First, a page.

Members of the House and Senate sent their $8 billion budget plan to the governor Thursday — after fending off an attempted challenge by some Republicans unhappy it included non-abortion funding for Planned Parenthood.
The House had included language in its amended budget earlier this year that could strike out a state Medicaid match for family planning dollars towards Planned Parenthood. However, Senate President pro tempore Hugh Leatherman refused to go along with the idea. Angry social conservatives tried to send their members back to the negotiating table Thursday.
“(Those) that coach baseball know what you do when you’ve got two strikes,” State Rep. John McCravy, R-Greenwood, said. “You protect the plate and you go down swinging, if you go down.”
House leaders insisted the debate was a moot point. Gov. Henry McMaster has vowed to veto that language when it reaches his desk. Others insisted the estimated $13,000 in state money would go towards family planning services that do not include abortion. “You are voting against something that doesn’t even do what it’s purported to do,” State Rep. Kirkman Finlay, R-Columbia, said. “At the expense of true services (in the budget) that are helping teachers, families, security at prisons.”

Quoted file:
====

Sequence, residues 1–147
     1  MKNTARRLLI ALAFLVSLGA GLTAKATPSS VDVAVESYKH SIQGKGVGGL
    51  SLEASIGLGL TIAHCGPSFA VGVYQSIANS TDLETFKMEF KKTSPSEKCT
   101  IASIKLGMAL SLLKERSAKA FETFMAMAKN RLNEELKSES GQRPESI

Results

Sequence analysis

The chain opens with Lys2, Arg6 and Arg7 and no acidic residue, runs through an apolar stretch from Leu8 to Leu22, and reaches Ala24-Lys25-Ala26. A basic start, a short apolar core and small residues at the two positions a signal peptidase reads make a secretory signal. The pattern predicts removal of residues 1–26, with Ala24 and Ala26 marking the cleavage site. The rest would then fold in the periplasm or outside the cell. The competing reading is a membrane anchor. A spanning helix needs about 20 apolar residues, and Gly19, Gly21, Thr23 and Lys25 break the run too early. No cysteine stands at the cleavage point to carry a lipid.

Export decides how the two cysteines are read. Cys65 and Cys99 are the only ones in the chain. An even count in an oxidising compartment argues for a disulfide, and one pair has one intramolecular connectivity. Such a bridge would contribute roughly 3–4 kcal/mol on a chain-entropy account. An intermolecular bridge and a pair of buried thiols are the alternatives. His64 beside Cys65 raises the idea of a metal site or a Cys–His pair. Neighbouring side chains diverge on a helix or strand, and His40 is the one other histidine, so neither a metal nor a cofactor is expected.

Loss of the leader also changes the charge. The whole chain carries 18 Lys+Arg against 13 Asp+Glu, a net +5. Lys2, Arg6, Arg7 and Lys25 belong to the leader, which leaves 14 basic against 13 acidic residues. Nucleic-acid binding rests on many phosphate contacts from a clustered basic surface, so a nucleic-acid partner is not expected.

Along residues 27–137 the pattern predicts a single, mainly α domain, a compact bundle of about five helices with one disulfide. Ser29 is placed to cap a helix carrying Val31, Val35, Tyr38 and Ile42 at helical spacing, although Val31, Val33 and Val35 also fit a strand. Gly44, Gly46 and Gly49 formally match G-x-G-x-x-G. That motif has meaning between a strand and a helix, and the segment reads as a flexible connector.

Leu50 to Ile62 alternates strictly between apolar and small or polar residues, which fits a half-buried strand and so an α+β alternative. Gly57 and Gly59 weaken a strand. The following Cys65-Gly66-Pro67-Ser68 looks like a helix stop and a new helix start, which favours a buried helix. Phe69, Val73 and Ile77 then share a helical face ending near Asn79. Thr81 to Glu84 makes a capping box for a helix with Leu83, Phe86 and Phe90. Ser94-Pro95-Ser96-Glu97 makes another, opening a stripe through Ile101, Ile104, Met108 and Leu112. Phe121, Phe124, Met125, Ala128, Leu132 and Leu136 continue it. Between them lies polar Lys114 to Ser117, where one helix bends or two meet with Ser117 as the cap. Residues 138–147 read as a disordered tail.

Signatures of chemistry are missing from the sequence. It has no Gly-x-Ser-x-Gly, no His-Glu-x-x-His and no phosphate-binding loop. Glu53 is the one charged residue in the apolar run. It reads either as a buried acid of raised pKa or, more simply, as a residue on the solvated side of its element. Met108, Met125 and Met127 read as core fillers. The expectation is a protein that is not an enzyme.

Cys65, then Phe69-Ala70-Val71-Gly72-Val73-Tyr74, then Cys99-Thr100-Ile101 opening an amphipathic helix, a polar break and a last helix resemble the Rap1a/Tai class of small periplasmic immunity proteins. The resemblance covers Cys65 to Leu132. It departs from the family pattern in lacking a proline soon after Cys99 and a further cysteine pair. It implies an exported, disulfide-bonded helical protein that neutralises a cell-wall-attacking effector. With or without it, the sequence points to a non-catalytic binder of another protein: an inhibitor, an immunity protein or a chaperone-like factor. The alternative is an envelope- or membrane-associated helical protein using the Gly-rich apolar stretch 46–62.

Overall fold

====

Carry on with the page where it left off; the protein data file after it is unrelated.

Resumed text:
State Sen. Richard Cash, R-Anderson, had tried to send the compromise budget back to conference, but only mustered nine other senators to support him. Senators ultimately approved the budget in a 30-9 vote and the House followed a few hours later 84-28.
The current fiscal year ends June 30. Since it is unlikely the governor will return all his vetoes before next week, the state government will operate under a continuing resolution until that time.
State Rep. Mike Pitts, R-Laurens, was frustrated that some members tried to block the extensive budget over a mere sliver of its funding. “When we draw lines in the dirt and say ‘My ideals are not yours therefore I can’t work with you and can’t vote with you,’ we lock the whole system down,” he said on the House floor. “Do we want to become (Washington) D.C.?”
Planned Parenthood did not perform any state-funded abortions last year, according to House leaders. All of the half-dozen cases funded by the state health plan were performed at hospitals and meant the exemption requirements for rape, incest or life of the mother.